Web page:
4. If an Arab of any stripe had done this same thing to the leader of their own country, people like you would consider him a hero and symbol of freedom--why is it any different when Bush is the rightful target?

Anonymous said...

James, I agree. It reminded me of the guy staring down the tank. Both men said, no more. Enough of this crap. I applaud them both.

Werner, maybe that's why Bush's reflexes are so quick, he's had practice ducking during arguments with Laura.

Anonymous said...

Anon 11:23-

A pussy? Sorry flamebait, but you missed it by a mile.

The man took on Bush and showed more spine in one act than the entire moron majority that allowed Bush to get away with his crimes, and still is.

JONATHAN said...

I would only say that that "freedom" has yet to be truly tested. This was not an act of ture dissention because it was against a foreign leader. Had he thrown his shoe at Nouri al-Maliki for instance, I'm sure we would have seen an immediate and radically different response.

Anonymous said...

The "journalist" would not have the balls to throw the shoe at the Iraqi president. By now he would have been executed.

And oh Fred - fuck you

Chez said...

There's nothing I love more than somebody who comes here and acts all bad-ass but stays safely behind the "Anonymous" ID.

You're real tough there, pal.

lakelady said...

I just came across the perfect postscript to this incident. Send your old shoes to the GWBush Presidential Library

Anonymous said...

Oh, Anon- You've now proven yourself to be a complete spineless wonder. Have you noticed that you arent being taken very seriously here? I'll bet that really hurts when you're all alone in mommy's basement counting your riches in whatever online game losers like you are playing these days.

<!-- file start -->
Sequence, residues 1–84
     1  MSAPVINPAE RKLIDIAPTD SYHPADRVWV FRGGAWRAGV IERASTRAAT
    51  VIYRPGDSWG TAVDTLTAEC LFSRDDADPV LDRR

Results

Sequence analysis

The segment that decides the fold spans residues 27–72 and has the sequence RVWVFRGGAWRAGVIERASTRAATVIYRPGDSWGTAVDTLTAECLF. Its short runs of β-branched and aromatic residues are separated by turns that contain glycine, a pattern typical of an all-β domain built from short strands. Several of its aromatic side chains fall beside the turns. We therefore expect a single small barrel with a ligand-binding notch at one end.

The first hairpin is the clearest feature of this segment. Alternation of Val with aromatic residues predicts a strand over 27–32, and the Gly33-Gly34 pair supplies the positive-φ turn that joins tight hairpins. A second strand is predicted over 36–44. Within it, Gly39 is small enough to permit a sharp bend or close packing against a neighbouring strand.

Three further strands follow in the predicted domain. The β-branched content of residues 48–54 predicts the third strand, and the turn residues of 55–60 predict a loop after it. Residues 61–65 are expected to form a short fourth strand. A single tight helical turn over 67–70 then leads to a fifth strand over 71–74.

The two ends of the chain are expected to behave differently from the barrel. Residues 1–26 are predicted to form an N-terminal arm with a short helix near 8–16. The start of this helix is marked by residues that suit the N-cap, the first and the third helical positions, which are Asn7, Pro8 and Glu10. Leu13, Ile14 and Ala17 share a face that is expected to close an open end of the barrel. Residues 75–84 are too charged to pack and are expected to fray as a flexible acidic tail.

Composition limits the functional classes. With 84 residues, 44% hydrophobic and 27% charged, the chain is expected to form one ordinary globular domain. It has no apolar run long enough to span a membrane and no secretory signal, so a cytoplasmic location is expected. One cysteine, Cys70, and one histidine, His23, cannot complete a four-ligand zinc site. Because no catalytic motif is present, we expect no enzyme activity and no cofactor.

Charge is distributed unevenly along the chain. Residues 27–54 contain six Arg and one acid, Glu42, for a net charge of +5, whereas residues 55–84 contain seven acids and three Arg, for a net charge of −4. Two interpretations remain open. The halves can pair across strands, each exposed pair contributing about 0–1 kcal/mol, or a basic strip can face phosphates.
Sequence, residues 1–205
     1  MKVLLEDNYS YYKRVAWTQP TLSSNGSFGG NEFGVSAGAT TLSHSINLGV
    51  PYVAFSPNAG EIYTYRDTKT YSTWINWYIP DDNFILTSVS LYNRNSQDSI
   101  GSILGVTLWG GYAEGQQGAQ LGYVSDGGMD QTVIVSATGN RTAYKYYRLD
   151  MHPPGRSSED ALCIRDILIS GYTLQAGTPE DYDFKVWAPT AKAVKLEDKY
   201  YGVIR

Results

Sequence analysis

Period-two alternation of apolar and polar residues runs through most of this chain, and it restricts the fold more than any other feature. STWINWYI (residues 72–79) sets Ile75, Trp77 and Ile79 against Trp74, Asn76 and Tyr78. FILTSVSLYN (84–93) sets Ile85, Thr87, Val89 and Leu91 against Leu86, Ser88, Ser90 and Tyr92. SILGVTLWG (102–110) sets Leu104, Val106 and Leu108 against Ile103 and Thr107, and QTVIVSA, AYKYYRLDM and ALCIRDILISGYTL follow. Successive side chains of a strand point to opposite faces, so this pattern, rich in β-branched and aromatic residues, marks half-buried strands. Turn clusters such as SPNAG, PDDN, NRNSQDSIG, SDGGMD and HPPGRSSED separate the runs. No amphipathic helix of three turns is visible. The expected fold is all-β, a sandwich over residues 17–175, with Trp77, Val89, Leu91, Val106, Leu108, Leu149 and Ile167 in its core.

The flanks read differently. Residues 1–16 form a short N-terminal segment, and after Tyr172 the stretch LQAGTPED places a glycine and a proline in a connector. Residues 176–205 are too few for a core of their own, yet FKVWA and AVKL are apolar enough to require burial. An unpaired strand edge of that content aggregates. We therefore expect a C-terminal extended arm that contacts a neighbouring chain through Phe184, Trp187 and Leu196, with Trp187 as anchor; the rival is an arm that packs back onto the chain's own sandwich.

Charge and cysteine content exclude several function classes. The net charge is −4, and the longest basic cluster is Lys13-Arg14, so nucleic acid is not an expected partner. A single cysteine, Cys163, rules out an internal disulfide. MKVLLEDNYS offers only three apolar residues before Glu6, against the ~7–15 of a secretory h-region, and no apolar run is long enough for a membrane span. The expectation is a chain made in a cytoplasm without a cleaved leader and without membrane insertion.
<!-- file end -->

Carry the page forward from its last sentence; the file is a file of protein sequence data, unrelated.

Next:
I'll bet you're really tough and have some kind of cool name like "Beefy Guy" or something like that.

Now go have your diaper changed and let the rational and intelligent adults get back to their business.

Anonymous said...

Sending shoes to the library? Lets not forget a little gift in the shoes like a little dog shit, or the scrapings from a cat box. Better yet- How about our friendly and courageous Anon's (Beefy Guy's) diapers!

Fuck Fred said...

Sorry Fred - don't live in the basement and I know I make a shitload more money than you and most people here - especially Chez who remains unemployed till this day.

Most of you who bitch now never did anything to change Bush's power. Where were you when he went up for re-election 4 years ago? Nowehere that's where. You were all probably sipping on capuccinos and playing with your macs while the country went to hell. All of sudden America awoke and saw the injustices on election day? BUllshit you were too blind and/or too stupid to do anything about it. Where were you for the past 8 years? If anyone had the ablls to throw the shoe at Bush it should have been you! The shame is that a foreigner had the balls to do it and not one of you.